These results lend credence to recent concerns about the prevalence of geographical poverty traps in the rural areas of developing countries. As the 2008 World Bank Development Report (p. 49) has pointed out, “in such a case, reducing rural poverty requires either a large-scale regional approach or assisting the exit of populations.” It may be that both strategies will be required to alleviate the problem of the concentration of rural populations on LFAL, in LFAA, and on degrading agricultural lands and less favoured agricultural areas, which appear to be a major obstacle to the poverty-reducing effect of overall income growth in developing countries. In particular, our results suggest that the most critical and vulnerable rural population group are those located on LFAL and degrading agricultural lands that are also remote from markets. It is these segments of the rural population that should be the main target of any strategy aimed at encouraging out-migration while investing in improving the livelihoods of those who remain in such areas.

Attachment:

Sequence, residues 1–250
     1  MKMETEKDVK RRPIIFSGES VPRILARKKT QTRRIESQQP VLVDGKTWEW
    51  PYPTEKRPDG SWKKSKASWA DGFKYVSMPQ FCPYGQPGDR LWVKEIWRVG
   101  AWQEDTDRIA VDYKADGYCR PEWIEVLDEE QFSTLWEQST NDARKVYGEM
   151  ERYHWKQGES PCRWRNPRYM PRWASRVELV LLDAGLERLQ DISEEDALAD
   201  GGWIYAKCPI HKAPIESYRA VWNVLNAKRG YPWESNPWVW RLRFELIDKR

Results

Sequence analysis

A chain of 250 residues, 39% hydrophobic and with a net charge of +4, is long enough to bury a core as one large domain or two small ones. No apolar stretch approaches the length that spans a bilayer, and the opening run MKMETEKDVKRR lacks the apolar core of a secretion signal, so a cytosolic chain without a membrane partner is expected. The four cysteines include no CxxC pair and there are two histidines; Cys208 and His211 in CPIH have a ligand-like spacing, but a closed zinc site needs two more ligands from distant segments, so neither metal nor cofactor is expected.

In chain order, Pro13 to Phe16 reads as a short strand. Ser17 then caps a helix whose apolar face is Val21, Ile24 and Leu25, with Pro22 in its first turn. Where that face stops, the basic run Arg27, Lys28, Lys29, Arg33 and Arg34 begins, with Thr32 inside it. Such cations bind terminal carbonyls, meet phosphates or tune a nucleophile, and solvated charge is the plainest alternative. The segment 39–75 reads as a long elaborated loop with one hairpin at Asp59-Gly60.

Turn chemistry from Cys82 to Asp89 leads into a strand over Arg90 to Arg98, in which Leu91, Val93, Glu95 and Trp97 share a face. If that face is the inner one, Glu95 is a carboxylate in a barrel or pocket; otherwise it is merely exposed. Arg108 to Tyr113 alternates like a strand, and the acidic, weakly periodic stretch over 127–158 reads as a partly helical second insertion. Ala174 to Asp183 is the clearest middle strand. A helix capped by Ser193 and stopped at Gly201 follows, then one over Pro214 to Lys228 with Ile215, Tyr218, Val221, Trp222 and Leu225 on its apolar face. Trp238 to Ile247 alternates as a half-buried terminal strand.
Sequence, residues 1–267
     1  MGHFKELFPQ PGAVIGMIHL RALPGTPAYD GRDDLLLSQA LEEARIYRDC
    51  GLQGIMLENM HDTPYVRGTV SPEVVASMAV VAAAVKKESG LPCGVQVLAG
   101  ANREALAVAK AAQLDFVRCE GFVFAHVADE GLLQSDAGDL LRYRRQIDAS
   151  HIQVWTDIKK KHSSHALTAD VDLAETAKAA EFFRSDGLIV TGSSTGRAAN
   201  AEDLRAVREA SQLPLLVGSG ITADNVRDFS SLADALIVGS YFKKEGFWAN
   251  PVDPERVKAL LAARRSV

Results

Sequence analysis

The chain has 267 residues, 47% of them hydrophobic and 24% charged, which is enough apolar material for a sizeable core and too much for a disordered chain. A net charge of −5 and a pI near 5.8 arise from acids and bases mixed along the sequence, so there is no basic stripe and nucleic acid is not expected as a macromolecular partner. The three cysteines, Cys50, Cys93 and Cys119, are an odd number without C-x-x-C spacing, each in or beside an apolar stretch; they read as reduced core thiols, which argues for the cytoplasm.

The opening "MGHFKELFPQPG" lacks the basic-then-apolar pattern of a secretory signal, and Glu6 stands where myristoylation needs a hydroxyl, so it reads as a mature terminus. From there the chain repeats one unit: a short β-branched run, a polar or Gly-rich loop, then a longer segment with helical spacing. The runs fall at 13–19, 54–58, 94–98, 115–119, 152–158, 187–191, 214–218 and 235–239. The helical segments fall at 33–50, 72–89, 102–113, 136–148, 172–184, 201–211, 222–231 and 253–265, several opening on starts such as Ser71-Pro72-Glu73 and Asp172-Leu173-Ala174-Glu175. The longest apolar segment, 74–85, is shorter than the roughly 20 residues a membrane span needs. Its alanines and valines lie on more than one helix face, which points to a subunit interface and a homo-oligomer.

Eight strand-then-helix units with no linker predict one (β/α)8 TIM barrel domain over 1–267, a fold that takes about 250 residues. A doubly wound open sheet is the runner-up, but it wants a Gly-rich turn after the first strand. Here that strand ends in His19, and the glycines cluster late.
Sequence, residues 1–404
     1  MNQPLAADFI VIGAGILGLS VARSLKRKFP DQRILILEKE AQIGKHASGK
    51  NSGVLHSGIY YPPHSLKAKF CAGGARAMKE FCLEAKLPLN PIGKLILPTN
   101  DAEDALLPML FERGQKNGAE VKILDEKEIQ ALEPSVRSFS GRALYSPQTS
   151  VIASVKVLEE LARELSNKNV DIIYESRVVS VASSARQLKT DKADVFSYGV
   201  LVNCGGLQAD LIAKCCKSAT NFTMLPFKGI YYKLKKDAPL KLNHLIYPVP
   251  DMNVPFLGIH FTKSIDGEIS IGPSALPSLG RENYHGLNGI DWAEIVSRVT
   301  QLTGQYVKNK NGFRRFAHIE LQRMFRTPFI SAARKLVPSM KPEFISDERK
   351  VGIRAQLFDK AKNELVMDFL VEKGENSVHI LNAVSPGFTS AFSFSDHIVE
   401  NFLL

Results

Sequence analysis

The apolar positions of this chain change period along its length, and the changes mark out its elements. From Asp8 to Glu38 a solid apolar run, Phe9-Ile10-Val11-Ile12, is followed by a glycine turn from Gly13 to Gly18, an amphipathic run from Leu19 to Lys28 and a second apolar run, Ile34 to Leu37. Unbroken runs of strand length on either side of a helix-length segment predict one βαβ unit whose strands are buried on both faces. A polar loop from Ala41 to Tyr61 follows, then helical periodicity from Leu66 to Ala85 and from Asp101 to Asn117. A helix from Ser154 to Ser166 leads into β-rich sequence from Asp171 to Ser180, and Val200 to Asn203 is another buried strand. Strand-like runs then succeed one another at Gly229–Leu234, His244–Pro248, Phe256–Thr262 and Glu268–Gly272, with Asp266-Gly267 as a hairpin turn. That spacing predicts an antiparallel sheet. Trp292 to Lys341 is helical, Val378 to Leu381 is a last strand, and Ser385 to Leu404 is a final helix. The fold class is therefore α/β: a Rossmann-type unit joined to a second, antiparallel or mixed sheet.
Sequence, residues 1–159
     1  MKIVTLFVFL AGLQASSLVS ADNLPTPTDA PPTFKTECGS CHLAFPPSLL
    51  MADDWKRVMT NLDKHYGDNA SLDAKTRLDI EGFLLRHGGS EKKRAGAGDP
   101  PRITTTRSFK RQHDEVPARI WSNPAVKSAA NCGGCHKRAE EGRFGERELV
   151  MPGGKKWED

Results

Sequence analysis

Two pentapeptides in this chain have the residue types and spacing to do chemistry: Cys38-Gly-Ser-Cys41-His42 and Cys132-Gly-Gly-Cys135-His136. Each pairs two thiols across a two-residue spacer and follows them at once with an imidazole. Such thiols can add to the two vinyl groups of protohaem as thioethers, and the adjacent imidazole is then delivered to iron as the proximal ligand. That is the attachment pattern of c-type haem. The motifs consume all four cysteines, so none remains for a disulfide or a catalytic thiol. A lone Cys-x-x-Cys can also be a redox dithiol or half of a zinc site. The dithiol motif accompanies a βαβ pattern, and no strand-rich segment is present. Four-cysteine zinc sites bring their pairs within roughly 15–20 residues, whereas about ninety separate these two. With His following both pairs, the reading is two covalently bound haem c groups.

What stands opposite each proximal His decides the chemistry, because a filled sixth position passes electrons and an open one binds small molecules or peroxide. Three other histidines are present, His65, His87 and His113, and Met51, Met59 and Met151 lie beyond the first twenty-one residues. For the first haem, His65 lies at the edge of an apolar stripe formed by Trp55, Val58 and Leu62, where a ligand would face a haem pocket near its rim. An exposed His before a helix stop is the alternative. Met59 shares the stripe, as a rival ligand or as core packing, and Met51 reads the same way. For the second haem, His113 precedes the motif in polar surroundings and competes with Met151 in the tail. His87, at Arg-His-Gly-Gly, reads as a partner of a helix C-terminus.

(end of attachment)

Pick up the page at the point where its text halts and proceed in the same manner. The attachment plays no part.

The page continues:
As our study indicates, currently just about the same number of rural people in developing countries (1.4 billion) are on degrading agricultural land as are on improving agricultural land (1.5 billion). Both groups account for approximately one third (around 34% and 36%, respectively) of the rural population. These results suggest that substantial poverty reduction could occur in developing countries if more of the rural population farmed improving as opposed to degrading agricultural land. Targeting such rural populations in developing countries to overcome biophysical constraints to agriculture and limited market access and infrastructure must be an urgent priority.